Le Maison de Mon Reve

(Touch and Go; 2004)

By Chet Betz | 13 April 2004

He sat in the café, sipping on the foreign brew, staring at the two sisters in the park with the birds flying around them.

He followed them in stealth with hat shading his eyes and collar turned up. In his hand he carried a piece of scented pink stationery. Gilded on the pink in elegant cursive:

“Dear Coco and dearest Rosie,
You don’t know me. I barely know you.
I saw you perform at the restaurant the other night. You were splendid. Both of you were splendid.
I can write no more. Please let me have another chance to speak with you in person.
Sincerely, Buck.”

Buck stared long and hard at his name and wished it had been any other name than “Buck.” Then his thoughts became more specific, and he wished that his name was French. He could tell that the sisters liked the French.

At the club the night before, the two girls dressed like gypsies rattled things and played strings. They sang, displaced sirens from the days of yesteryear with the speakeasy and the new factory and the black musician sitting on the corner. They preached girl power and social satire by using the bigot lyric in their winking modern context. “Jesus loves me, but not my wife, not my nigger friends, or their nigger lives…”

Buck came up to the girls after the show, and in the spirit of exuberant over-analysis, he gushed a mix-and-match comparison of their album at them. “It was like, like, I don’t know, maybe if Chan Marshall and Billie Holiday got together to make an intimate blues-folk record in the bedroom of Anticon’s Why? It was different and it gets under your skin, you know?”

Rosie looked cute. Coco said something in her beautifully sonorous voice.

Buck stammered, “Huh, sorry, you have a beautifully sonorous voice. I didn’t hear what you said. You guys are wonderful vocalists, seriously… very nice vocal melodies, too.”

Coco and Rosie harmonized: “We’re not Allen Ginsberg, Ricky.”

Buck: “Oh, see, that’s great, I love that. Uh, my name’s not Ricky, though. And I don’t follow your meaning, either. Sorry.”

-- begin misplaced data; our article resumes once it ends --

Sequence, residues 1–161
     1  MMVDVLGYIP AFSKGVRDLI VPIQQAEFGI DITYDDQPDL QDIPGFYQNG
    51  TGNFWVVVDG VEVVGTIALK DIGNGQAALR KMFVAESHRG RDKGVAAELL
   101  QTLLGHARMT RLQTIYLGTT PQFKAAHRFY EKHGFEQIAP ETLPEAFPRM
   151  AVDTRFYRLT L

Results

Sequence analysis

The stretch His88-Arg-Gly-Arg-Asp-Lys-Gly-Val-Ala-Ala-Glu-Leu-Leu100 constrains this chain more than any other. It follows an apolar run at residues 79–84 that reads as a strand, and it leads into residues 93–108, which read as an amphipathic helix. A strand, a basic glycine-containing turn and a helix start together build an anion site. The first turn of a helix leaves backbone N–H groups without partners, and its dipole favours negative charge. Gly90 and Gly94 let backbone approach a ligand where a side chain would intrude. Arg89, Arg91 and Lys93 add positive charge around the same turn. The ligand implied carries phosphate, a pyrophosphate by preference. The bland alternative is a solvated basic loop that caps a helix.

Coco and Rosie pranced away while waving their fingers and swaying their hips. A few days later, Coco wrote a reply to Buck’s letter and sent it via the satchel of brooding messenger boy Claude. Buck ripped open the letter to find written in pink ink on a piece of beige paper: “Ricky, I’ll wait for you until the streets become sand, and all the ceilings in New York have come down, and I’ll wait for you until the stars dominate the skies again. I’ll always be by your side, even when you’re down and out. I just wanted to be your housewife. All I wanted was to be your housewife. You will never see Rosie or me again. Love, Coco.”

Claude, the brooding messenger boy, demanded fourteen American dollars.

In very black ink on very white paper, Buck scrawled, “You Brooklyn bitches with your sly imitation of an art form rooted in sincerity, with your affectations and desecrations of Americana, you think the found sound or the lo-fi beats make your music original? It’s cheap atmosphere. You think you can lord yourselves above and away from me in your hip princess castle of self-absorption? Your bare arrangements are gimmicks… with the dawn of the next day you’ve lost half your beauty, that’s how quickly you age. In the moonlight you’re haunting, but just like a ghost, you have no substance. I will miss your voices, and I still adore you both. Love, Ricky.”

Buck handed the ink-spotted scrap to Claude. With a mustered air of bitter sagacity, Buck muttered, “Never chase after clouds and rainbows, boy.”

Claude, the brooding messenger boy, demanded fourteen American dollars.